By Tommy Wilkes
LONDON (Reuters) - Anthony Bolton, one of Britain's best-known fund managers, said policing rogue executives was a far bigger task in China than in the West, as News Corporation's phone-hacking scandal thrusts corporate governance standards back into the spotlight.
Bolton, who now runs the Fidelity China Special Situations Fund from Hong Kong after decades of investing in the UK, told Reuters deciding whether Chinese company executives and accounts told you the whole story was a real "challenge."
"In the West, maybe 1 percent of companies have integrity problems or you can't take what the management tell you as being the reality. In China...it's significantly bigger," Bolton said in a telephone interview on Wednesday.
Pension funds and stock investors were handed a salutary reminder of the costs of lax corporate governance this week after shares in Rupert Murdoch's News Corp tumbled more than 10 percent following claims reporters at its UK arm had raided the voicemails of murder victims and politicians for stories.
British shareholder advisory group Pirc has also questioned the legitimacy of the Murdoch family influence on British Sky Broadcasting -- the satellite television network in which it owns a 40 percent stake.
But Bolton said corporate governance problems were far tougher to identify in China, hurting the performance of a slew of Chinese firms.
Bolton, who led Fidelity's flagship Special Situations fund for 28 years before moving to Asia to launch a new fund, said meetings with company managements were often an unreliable gauge of governance quality.
His team cross-check company claims against those of competitors and suppliers, and in some cases use independent due diligence firms for some extra digging, though he acknowledges he may still be caught out.
"We won't avoid everyone but I think we will hopefully avoid a number of them," he said of companies with integrity or governance issues.
"If they come in selling a Chinese medicine product that is unique to China and is not sold anywhere else in the world it's going to take a lot more persuading and generally I won't invest."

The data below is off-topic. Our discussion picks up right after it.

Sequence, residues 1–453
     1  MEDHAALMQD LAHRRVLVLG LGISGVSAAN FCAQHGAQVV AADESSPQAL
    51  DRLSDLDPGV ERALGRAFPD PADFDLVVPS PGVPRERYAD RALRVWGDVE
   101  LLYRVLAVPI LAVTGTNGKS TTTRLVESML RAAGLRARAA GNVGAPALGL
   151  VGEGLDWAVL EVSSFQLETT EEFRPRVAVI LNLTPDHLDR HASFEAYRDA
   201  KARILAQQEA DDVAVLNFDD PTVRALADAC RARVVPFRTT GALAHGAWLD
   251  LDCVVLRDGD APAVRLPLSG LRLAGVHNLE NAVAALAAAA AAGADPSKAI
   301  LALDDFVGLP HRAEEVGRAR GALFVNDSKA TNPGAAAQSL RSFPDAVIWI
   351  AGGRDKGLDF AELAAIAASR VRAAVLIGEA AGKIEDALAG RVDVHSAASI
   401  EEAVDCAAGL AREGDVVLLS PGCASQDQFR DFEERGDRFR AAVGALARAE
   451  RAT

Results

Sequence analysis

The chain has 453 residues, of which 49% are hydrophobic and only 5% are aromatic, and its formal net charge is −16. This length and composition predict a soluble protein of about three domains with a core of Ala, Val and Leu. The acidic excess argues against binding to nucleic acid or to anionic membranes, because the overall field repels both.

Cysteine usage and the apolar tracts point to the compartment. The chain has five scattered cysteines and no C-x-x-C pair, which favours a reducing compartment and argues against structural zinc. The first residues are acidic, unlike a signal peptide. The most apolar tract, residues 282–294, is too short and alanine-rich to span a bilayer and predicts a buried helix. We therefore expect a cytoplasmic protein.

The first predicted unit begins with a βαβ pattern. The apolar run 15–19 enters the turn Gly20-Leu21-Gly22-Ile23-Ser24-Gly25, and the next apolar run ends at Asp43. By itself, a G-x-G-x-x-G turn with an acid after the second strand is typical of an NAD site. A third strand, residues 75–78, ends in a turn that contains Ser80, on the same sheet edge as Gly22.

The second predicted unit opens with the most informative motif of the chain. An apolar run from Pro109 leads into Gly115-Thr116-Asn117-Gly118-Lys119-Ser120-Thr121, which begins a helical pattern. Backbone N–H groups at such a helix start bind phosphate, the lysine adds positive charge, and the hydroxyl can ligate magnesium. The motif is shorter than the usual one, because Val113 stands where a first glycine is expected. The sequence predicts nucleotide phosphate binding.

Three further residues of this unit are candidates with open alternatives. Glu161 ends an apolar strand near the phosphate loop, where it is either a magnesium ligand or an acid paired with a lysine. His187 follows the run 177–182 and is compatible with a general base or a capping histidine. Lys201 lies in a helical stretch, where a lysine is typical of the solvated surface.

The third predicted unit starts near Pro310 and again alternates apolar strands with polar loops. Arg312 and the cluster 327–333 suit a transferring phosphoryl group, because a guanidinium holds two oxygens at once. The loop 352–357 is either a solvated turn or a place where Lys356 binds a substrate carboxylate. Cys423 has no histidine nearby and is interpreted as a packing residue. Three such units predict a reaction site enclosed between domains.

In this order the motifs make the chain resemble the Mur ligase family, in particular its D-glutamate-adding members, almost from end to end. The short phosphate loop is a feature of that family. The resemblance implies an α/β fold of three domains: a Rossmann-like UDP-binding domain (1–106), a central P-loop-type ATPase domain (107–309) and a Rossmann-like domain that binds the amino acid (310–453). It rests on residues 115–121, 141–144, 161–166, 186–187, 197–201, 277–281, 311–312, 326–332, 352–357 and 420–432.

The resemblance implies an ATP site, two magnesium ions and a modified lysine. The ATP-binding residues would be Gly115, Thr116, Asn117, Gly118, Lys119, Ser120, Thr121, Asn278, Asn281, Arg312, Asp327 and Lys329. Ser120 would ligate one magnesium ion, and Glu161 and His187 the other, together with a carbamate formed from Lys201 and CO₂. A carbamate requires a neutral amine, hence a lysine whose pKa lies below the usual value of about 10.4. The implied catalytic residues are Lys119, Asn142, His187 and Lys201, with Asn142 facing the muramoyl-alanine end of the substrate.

Bolton's comments come a day after ratings agency Moody's flagged accounting and governance risks at dozens of small Chinese companies, while last month billionaire John Paulson sold his stake in forestry company Sino-Forest after accusations it had exaggerated the size of its forestry assets.
Bolton believes Chinese policymakers will successfully steer the Chinese economy to lower growth, even as Federal Reserve Chairman Ben Bernanke tries to convince a stubborn Congress to raise the U.S. debt ceiling, where China invests much of its $3 trillion in reserves.
China wants to temper its fast-growing economy and lower annual growth toward 7 percent. Its economy rose a faster-than-expected 9.5 percent in the second quarter, data on Wednesday showed, likely to harden Beijing's resolve to curb inflation.
"Actually that is good news and the sooner it gets back down and they relax the tightening the better -- and of course markets will anticipate this," he said, referring to the government's efforts to slow the economy down.
The industry veteran is the first to admit performance in his fund, which posted maiden full-year results in June, has been "disappointing.
But with the Chinese government keen to boost domestic consumption and shake off its reliance on a weak world economy, Bolton is snapping up the same sorts of consumer and service business models he would have once bought in Britain.
"My reading is I think they (Chinese policymakers) got quite a shock. I don't think they realised how dependent because of their export model they were on the rest of the world and particularly America," Bolton said.
"Really, the Chinese are trying to make themselves more self-reliant," he said.
This will boost growth companies in finance, retail, healthcare and tourism, Bolton claims, which should support his fund's structurally underweight position in export-oriented firms.
Among his top picks are China Unicom, the country's no. 2 mobile operator, and insurer Ping Ang.
The fund's net asset value dropped more than 5 percent since it launched in April 2010 to June 17, 2011, while the benchmark MSCI China Index has remained broadly unchanged during a volatile period for Chinese equities.
Fidelity's Special Situations Fund had net assets of 683.9 million pounds ($1,096,291,700) in late June. ($1 = 0.624 British Pounds)
(Editing by Sinead Cruise and Hans-Juergen Peters)